"In Joe Biden, you have a human being who is empathetic, who is honest, who is decent," Senator Bernie Sanders said. "And at this particular moment in American history, my God, this is something that this country absolutely needs."

Recounting giving a late-night speech in an almost empty Senate chamber, Sen. Amy Klobuchar (D-MN) said she remembered wondering whether her mum had even been watching it on C-Span before her phone rang.

"I actually thought maybe my mum was watching it on C-Span. And you know who it was? It was Joe Biden," Klobuchar said. "And that kind of goes to not only his kindness for calling me and being a mentor, but it also goes to how much he cares about our government and what people are saying."

Atlanta mayor pays tribute to John Lewis

In the early hours of the evening, Atlanta Mayor Keisha Lance Bottoms appeared on the DNC live stream to offer a tribute to John Lewis, the late Democratic congressman and civil rights icon.

"We must pass on the gift John Lewis sacrificed to give us," the mayor said. "We must register, and we must vote."

Atlanta Mayor Keisha Lance Bottoms connects the historic fight for civil rights to the current racial justice movement, saying civil rights icons and those who fought with them changed America, "and so can we." #DemConvention https://t.co/44kQyL8tLt pic.twitter.com/PFGqibVjaI

— Anderson Cooper 360° (@AC360) August 21, 2020

Lance Bottoms went on to lash out at "misinformation" trying to deter people from voting in November's election, before again calling on viewers to register to vote ahead of the 2020 presidential race.

"We must be the heroes of our generation, because we too are America," she said. "Our votes can be our voice."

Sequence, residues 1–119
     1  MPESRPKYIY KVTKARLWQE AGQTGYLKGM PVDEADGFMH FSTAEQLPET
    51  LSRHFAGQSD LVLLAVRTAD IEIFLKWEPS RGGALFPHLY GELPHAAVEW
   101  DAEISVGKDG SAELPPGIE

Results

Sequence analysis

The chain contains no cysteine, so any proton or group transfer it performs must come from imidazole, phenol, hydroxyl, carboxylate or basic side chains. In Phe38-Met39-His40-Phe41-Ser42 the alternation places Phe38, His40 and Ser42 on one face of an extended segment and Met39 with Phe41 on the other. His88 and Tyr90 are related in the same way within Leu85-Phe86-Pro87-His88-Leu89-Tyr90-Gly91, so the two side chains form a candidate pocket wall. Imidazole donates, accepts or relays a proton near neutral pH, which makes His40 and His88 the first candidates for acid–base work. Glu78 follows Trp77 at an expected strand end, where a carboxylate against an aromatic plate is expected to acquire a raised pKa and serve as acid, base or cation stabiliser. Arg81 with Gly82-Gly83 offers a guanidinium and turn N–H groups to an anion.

Brayden Harrington: Biden helped me with stutter

The 13-year-old Brayden Harrington said seeing Biden on the campaign trail had helped him feel more confident about his stutter. After an event in New Hampshire, the former vice president had invited Harrington backstage to discuss how he dealt with his own stutter.

"He showed me how he marks his addresses to make them easier to read out loud, so I did the same thing today," Harrington said. "And now I'm here talking to you today about the future, our future."

The teenager added that his stutter had bothered him his whole life, but that he had felt better about it after his brief meeting with Biden in February this year.

"Joe Biden cared. Imagine what he could do for all of us," he said. "Kids like me are counting on you to elect someone we can all look up to."

Veep star roasts Trump

The American actress Julia Louis-Dreyfus, who played fictional vice president Selina Meyer in the sitcom Veep, brought a bit of levity to the final night of the DNC, repeatedly mocking the president's record in office.

"Joe Biden goes to church so regularly that he doesn't even need tear gas and a bunch of federalized troops to help him get there," she joked.

Earlier this year, Trump ordered law enforcement to disperse protesters near the White House so he could pose with a copy of the Bible outside St. John's Church in Lafayette Square, Washington D.C.

Speaking about the president's 2017 inauguration speech, Louis-Dreyfus said: "When Trump spoke at his inauguration about American carnage, I assumed that was something he was against, not a campaign promise."